I’ve copied these 10 points from Steve Horwitz’s valuable post on this subject. They succinctly define the tenets of Austrian economics.
- Only individuals choose.
- The study of the market order is fundamentally about exchange behavior and the institutions within which exchanges take place.
- The “facts” of the social sciences are what people believe and think.
- Utility and costs are subjective.
- The price system economizes on the information that people need to process in making their decisions.
- Private property in the means of production is a necessary condition for rational economic calculation.
- The competitive market is a process of entrepreneurial discovery.
- Money is non-neutral.
- The capital structure consists of heterogeneous goods that have multi-specific uses that must be aligned.
- Social institutions often are the result of human action, but not of human design.
On their own, these points might seem somewhat vague and obvious. But they’re worded carefully here—it’s what’s implied when we take them as fact that gets interesting.
For more on Austrian economics, read this.
There’s enough here to ponder for a lifetime, if you take what he’s saying seriously. From the Los Angeles Review of Books:
Best to begin, following Thomas Aquinas, by saying what God is not. God is not the biggest being in the universe, or outside of the universe. God is not a discrete entity, like you or me, or a cloud or an atom or a quark, or (if one can put it this way) the universe itself as a whole. Nor is God the clockmaker, winding up time and matter and letting them run their course on their own.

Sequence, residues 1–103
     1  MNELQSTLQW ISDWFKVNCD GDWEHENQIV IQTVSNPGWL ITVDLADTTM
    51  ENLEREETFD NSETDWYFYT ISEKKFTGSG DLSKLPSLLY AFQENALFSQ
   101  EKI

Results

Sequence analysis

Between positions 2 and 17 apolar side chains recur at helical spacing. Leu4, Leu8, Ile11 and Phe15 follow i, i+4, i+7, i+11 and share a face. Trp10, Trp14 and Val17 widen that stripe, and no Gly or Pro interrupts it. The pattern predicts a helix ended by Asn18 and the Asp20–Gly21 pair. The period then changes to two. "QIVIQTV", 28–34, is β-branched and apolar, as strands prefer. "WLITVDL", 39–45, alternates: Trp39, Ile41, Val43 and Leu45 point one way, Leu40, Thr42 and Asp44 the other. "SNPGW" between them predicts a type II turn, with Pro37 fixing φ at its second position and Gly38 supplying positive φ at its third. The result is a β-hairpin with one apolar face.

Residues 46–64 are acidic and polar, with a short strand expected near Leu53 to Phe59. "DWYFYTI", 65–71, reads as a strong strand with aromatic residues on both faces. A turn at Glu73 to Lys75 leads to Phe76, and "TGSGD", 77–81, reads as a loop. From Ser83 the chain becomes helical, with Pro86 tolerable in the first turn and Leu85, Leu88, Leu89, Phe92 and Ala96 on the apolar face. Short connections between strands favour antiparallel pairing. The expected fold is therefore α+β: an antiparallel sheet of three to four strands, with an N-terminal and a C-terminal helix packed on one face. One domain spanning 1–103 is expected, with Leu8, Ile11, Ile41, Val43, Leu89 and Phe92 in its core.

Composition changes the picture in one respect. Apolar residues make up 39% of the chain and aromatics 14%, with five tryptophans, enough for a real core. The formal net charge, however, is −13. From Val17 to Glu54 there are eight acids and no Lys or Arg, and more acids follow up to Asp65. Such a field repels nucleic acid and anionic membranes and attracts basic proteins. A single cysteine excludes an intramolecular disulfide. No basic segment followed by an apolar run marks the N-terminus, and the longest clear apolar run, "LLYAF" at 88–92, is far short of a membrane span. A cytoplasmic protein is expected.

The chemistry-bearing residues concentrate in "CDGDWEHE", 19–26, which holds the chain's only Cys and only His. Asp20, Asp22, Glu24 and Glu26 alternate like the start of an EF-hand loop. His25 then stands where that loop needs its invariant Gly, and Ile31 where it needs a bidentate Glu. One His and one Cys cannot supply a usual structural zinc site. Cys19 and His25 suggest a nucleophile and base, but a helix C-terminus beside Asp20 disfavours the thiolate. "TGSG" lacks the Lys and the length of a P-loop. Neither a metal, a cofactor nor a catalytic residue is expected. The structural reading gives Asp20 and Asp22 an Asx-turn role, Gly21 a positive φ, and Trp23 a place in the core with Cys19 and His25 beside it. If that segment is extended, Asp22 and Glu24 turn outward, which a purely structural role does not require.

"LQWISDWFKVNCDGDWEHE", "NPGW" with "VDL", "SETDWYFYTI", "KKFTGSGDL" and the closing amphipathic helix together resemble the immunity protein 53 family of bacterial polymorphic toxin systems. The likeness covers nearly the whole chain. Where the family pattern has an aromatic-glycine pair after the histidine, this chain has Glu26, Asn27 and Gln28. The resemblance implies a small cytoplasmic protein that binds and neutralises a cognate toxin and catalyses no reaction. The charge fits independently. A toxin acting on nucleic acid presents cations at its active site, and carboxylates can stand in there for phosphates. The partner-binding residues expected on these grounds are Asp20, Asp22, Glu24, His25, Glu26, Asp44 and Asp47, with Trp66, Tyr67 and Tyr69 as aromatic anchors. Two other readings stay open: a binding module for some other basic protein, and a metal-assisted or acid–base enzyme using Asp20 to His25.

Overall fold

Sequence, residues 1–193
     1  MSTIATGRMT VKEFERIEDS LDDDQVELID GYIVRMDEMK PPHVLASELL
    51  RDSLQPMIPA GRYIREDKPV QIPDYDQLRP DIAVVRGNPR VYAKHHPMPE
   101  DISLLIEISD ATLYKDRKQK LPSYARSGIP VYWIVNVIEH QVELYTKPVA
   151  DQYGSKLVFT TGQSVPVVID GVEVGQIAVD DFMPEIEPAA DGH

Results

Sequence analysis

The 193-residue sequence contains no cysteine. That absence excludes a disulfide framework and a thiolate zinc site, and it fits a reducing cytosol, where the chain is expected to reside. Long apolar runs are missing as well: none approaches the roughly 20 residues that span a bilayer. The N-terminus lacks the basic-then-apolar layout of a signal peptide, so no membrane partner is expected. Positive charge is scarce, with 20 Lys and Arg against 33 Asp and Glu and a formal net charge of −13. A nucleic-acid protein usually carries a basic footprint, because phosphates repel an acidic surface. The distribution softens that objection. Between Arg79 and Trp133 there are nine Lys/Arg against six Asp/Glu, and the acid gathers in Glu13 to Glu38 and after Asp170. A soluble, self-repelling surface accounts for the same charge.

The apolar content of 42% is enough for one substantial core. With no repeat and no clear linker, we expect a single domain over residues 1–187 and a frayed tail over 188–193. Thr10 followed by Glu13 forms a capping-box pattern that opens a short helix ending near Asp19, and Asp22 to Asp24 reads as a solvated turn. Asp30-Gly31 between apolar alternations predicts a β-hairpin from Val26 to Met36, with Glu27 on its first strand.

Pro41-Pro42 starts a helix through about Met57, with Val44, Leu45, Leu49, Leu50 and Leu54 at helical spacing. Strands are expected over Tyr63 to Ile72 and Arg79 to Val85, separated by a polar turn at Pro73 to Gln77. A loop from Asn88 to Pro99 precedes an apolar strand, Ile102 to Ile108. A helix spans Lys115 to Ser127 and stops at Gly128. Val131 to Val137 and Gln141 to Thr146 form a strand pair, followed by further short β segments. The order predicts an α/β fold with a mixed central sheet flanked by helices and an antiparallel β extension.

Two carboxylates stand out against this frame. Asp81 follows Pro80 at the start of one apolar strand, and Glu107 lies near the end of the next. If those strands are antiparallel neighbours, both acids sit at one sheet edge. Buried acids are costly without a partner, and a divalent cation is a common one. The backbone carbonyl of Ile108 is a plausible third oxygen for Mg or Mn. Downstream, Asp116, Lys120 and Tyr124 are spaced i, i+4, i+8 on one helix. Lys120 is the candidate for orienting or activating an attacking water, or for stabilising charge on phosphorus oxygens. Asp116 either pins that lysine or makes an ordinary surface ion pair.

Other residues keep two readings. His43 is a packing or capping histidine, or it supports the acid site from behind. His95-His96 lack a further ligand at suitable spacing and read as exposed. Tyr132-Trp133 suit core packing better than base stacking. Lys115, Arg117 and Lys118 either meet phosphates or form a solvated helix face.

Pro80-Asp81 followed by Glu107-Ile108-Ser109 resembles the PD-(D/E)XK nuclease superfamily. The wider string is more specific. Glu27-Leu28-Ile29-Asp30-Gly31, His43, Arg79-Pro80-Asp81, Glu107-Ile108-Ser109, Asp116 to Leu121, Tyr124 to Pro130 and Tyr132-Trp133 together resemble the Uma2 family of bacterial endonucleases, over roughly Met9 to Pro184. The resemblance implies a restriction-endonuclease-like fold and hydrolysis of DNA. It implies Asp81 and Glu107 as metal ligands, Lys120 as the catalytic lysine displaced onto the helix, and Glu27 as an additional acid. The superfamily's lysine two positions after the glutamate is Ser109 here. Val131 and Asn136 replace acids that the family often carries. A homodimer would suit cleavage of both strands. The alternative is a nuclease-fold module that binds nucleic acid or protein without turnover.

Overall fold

God is the eternal and immaterial fullness of being and life that is the condition of there being anything at all. Infinitely rich and inexhaustibly beautiful, God is being itself, and as such, goodness and truth. Singular and simple, God lacks nothing yet, out of boundless and inexplicable love, creates what is other than himself, that which is not God. Distinct from God, what is not God — which is to say, everything: creation — is nevertheless bound to God, dependent at every moment and in every respect. Yet this dependence is not debilitating but enabling. It is the source of power and identity and, for living creatures, agency and, for rational creatures, freedom. To be is to depend on God for everything, and to acknowledge and celebrate this dependence is to be alive, fully alive, transparent to the source and end and empowering life that fills and moves all living things.Brad East (channeling David Bentley Hart)